Review: Mott the Hoople, Symphony Hall

Our rock blogger was at Birmingham's Symphony Hall watching Mott The Hoople last night.

The whole point of rock is that is needn't be – shouldn’t be – packaged, airbrushed and perfect.

Thank goodness then for the reunited Mott the Hoople, beamed down from the 70s in all their raw, ramshackle glory – four fifths of the original line-up and a more unlikely bunch than its possible to imagine in the refined space of Symphony Hall.

That Oswestry-born signer and guitarist Ian Hunter still sounds exactly like he used to in 1973 - amazing. That he somehow, now aged 74, remains lithe, lean and clearly still hungry is astonishing.

But Hunter it unmistakably is. under his corkscrew hair and hidden, as ever, behind huge shades.

With celebrity acolyte Joe Elliott of Def Leppard in the audience for the first of five British dates, Hunter led Mott The Hoople through a near two-hour set, which - admittedly somewhat unevenly - meandered its way through album tracks and fan favourites before arriving at its hit-packed conclusion.

The failure of the lighting rig in the opening three-song salvo somehow added to the sense of occasion.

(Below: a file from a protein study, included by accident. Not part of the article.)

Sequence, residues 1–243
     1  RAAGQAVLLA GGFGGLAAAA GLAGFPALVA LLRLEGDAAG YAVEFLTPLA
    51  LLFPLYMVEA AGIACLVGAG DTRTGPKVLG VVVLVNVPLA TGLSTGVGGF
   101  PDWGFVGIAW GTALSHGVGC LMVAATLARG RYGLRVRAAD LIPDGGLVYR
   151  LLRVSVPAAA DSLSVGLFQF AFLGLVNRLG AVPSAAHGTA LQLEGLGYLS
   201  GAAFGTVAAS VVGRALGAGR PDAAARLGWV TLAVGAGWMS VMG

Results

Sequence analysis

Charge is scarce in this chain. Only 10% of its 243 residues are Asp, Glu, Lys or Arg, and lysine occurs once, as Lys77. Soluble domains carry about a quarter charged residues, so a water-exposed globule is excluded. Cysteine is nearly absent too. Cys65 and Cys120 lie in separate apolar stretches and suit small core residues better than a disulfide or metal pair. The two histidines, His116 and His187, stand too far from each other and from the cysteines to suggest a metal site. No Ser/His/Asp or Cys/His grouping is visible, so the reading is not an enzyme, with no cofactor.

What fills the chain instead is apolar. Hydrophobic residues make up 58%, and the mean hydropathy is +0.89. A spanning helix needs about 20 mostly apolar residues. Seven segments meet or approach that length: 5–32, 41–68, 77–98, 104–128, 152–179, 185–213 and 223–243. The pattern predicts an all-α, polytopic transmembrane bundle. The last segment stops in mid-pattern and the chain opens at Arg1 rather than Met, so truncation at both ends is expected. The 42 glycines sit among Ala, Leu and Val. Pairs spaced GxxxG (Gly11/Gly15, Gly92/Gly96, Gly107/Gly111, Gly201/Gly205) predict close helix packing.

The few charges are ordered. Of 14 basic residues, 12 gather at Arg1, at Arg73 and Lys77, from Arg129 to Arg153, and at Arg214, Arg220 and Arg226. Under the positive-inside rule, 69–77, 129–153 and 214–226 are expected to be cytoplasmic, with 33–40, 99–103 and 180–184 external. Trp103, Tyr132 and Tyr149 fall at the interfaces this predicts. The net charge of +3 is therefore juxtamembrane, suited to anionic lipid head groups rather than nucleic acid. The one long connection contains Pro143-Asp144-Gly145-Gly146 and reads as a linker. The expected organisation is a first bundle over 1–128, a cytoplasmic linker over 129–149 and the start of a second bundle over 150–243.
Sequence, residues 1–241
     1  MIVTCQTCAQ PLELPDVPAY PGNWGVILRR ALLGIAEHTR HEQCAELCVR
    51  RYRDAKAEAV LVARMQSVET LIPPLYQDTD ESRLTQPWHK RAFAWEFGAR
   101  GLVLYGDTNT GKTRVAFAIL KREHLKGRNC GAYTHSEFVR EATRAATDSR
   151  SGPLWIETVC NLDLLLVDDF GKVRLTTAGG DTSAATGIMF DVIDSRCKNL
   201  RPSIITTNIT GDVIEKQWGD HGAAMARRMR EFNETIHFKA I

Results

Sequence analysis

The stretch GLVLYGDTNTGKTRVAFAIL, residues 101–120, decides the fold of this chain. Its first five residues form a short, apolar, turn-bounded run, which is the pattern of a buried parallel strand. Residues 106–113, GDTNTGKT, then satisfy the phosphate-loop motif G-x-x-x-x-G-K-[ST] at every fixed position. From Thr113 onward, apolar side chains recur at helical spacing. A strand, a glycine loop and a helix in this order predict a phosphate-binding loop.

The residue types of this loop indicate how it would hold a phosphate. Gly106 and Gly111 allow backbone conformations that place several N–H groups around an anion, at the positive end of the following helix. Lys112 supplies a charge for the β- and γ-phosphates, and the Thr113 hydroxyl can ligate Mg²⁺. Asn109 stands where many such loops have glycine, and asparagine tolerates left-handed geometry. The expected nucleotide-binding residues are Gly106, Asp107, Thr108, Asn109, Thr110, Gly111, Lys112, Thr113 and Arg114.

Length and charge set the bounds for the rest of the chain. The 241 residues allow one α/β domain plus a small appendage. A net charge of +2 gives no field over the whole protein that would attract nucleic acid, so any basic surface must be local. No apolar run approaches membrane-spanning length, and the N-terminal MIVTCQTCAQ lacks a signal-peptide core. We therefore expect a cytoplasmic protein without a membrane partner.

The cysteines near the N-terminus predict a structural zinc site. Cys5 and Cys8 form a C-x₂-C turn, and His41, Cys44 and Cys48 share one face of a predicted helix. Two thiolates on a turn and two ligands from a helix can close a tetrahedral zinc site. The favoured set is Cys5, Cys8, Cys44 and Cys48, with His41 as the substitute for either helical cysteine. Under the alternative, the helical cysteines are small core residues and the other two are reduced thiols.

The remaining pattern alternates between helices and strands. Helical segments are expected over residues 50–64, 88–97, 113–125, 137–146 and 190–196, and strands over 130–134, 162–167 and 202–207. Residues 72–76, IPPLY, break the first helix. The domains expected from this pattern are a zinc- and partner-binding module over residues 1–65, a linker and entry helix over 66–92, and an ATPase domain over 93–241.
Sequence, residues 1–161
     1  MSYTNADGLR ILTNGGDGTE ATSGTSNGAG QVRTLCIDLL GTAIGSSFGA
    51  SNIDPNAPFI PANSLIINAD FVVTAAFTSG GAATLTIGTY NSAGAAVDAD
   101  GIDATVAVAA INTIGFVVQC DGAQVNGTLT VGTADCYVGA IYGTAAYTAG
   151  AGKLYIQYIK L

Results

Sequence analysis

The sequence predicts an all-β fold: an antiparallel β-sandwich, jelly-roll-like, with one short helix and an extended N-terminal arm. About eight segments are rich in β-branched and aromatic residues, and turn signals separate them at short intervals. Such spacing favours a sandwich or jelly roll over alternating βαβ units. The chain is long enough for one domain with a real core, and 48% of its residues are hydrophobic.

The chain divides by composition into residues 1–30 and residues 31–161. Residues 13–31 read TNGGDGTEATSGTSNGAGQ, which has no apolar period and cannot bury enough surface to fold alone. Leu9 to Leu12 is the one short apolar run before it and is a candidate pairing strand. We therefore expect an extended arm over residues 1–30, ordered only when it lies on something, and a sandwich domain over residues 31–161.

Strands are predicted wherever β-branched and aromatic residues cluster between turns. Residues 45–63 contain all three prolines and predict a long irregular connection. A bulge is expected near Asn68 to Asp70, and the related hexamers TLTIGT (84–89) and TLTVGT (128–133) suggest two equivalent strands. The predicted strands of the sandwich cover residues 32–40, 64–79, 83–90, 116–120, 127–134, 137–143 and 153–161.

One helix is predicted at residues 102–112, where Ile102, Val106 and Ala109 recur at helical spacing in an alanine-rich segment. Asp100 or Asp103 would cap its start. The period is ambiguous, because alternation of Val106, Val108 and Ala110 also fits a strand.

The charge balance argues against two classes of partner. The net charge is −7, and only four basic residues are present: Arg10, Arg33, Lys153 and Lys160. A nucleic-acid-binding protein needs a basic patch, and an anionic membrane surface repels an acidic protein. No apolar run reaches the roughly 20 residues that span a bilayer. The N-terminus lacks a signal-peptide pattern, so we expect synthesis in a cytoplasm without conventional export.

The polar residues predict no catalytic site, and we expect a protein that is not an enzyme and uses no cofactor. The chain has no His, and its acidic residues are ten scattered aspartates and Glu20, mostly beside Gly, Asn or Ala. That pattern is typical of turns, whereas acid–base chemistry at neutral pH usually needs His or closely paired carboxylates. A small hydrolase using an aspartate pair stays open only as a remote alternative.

“Something went wrong, as usual,” joked Hunter, after Rock and Roll Queen gave way to One Of The Boys and then Moon Upstairs, guitarist Mick Ralphs standing rock solid on the left in the gloom and bassist Overend Watts and keyboard player Verden Allen on the right.

The only original member missing from the night was drummer Dale Griffin, sidelined by Alzheimer's and replaced on tour by Martin Chambers of The Pretenders (collection buckets for the Alzheimer's Society were passed among the audience).

Birmingham-born Overend Watts took on lead vocal duties for Born Late '58, announcing: “I was born here in the 80s . . . the 1880s!”

But if the first two-thirds of the show were aimed at die-hard fans then the final run-in and encores were purely crowd pleasers, predictable as that might have been. For those only familiar with the big glam rock-tinged hits it might have seemed a long wait.

Never mind, David Bowie may have given Mott The Hoople their biggest hit in All The Young Dudes, but Mott topped it themselves with the magnificent Roll Away The Stone.

That classic duo, along with The Golden Age of Rock and Roll, All The Way From Memphis, Honaloochie Boogie and Saturday Gigs helped bring the evening to a raucous, triumphant close.

By Ian Harvey
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